There was an emphasis on showing off the young talent in the Blackhawks' system -- Toews and Kane, along with other recent high draft picks such as Duncan Keith and Brent Seabrook -- while also repairing relations with estranged ex-Hawks stars such as Bobby Hull, Stan Mikita and Tony Esposito.
In the process, the Blackhawks re-invented themselves. The fans saw the effort to try to win them over once again -- and it didn't hurt that the product on the ice was young and exciting.
There was a plan in place and an attitude of openness.
"While the Cubs may also be chasing that same elusive championship the Blackhawks are, I saw a chance that excited me with the Hawks," McDonough said. "Fans angry with the team spelled empty seats at a big building ... and I hate empty seats.
"I wanted this to once again be known as the Madhouse on Madison Street."
The if-you-build-a-team-with-a-plan theme meant building on youth and speed and filling in with free agents elsewhere. It got the Blackhawks back to the playoffs for the first time since 2002 and showed the rest of the hockey world how serious new management was.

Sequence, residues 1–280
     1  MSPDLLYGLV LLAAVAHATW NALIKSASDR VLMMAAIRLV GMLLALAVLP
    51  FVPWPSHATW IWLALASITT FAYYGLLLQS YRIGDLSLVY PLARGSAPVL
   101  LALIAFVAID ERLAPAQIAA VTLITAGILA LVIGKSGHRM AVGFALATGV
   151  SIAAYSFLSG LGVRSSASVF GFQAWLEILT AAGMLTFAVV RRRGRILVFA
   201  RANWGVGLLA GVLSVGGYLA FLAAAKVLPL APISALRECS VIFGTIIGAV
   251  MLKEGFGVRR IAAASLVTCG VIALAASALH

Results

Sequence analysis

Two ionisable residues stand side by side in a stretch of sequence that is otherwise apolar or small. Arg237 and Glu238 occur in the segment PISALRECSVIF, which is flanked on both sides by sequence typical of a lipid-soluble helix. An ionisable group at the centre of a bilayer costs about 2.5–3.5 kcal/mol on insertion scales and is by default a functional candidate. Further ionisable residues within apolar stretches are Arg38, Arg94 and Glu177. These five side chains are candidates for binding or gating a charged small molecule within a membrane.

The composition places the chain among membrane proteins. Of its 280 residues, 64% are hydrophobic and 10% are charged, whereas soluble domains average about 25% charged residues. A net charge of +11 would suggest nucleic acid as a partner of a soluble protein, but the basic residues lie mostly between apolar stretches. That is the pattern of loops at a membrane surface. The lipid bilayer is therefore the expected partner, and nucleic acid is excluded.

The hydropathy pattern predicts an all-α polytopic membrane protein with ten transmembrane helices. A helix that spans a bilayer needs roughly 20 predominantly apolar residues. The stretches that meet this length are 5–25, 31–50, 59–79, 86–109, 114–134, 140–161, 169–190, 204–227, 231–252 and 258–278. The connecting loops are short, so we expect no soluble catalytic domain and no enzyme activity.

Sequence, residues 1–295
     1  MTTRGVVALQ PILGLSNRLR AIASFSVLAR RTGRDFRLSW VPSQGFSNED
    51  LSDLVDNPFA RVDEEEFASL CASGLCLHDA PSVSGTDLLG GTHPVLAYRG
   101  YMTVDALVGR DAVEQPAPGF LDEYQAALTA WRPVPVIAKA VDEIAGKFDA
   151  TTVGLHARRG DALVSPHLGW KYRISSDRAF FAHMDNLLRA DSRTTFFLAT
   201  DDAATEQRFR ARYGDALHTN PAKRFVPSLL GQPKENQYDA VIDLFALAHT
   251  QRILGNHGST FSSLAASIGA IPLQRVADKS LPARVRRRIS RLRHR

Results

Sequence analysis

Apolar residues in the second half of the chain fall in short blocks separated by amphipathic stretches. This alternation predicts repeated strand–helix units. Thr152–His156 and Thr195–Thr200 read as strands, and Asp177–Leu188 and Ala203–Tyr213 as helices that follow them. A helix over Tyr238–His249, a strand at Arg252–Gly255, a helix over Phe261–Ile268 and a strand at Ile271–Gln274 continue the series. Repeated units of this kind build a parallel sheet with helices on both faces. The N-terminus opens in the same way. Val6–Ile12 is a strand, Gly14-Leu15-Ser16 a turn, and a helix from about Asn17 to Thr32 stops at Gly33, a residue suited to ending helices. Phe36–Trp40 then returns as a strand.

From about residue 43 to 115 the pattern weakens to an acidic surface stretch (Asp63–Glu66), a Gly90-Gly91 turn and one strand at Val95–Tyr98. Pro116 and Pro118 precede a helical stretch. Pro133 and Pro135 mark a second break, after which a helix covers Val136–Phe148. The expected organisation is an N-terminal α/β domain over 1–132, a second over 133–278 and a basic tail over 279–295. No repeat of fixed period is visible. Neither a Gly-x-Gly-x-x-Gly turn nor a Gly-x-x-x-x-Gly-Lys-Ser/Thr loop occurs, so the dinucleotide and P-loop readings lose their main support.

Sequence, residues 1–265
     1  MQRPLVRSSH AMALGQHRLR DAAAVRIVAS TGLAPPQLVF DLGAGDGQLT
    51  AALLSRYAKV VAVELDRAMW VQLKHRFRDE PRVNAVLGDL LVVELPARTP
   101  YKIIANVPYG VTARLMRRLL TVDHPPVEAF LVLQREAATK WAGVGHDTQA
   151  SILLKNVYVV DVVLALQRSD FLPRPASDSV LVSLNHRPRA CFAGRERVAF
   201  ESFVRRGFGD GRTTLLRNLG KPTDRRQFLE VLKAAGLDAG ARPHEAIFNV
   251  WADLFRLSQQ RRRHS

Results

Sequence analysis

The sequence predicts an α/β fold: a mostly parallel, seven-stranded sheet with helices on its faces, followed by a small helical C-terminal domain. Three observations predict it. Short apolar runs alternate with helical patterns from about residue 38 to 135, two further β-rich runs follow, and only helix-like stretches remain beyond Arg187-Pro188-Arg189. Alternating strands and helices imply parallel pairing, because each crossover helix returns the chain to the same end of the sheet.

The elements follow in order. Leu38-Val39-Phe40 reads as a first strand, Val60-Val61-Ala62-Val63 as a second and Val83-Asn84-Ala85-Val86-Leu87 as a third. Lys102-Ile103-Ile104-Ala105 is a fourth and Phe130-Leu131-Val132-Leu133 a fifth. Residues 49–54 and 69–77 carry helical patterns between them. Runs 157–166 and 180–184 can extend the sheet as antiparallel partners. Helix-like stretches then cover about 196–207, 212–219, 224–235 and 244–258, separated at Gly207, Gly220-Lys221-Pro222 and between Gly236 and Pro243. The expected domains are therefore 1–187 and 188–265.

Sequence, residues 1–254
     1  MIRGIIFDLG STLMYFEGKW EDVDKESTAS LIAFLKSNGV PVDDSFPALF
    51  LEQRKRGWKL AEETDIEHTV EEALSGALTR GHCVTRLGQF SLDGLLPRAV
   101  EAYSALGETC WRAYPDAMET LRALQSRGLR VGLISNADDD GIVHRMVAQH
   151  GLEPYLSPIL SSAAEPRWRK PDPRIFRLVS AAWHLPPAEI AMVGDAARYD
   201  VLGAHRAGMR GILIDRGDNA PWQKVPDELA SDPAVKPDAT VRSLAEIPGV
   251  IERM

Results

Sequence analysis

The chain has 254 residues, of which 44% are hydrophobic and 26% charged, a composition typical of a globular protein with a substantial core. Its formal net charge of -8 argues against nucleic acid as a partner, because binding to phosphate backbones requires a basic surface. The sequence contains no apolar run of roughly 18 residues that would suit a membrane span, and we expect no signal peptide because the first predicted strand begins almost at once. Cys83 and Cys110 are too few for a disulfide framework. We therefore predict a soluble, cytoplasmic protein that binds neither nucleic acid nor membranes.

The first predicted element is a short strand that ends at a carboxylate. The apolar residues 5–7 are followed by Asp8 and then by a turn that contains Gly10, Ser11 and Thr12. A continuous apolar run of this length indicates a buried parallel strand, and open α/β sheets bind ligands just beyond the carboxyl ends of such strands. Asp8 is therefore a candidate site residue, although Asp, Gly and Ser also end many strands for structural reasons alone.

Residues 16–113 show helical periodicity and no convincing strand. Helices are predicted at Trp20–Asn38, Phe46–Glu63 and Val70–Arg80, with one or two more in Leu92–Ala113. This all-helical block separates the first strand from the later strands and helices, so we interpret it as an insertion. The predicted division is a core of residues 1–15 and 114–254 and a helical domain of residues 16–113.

Part of that came with the power play Wirtz and McDonough used to get the Bridgestone NHL Winter Classic 2009 against the Red Wings at Wrigley Field. The rest came a few months later, when the Hawks played the Wings in the conference final.
"I remember when I was a youngster and I got chills when I'd go to the old Chicago Stadium and watch the players and the crowd and love every minute of the action," McDonough said. "Now I think management, the players and fans are on the same page. We've got One Goal (the team slogan) -- and that's a Stanley Cup."
Hossa admitted recently that he saw plenty of Chicago's young skill, speed and tenacity in mid-May when he went head-up against the Blackhawks in the Western Finals.
In advance of the team's convention July 17-19, he had this to say: "Chicago is hungry. They haven't won a Stanley Cup in a long, long time and they're showing improvement. Detroit is a great, great hockey town and has won a lot of Stanley Cups, but this is a young, hungry team that wants to go for it.
"That's why I chose Chicago. They have a chance to win the Cup."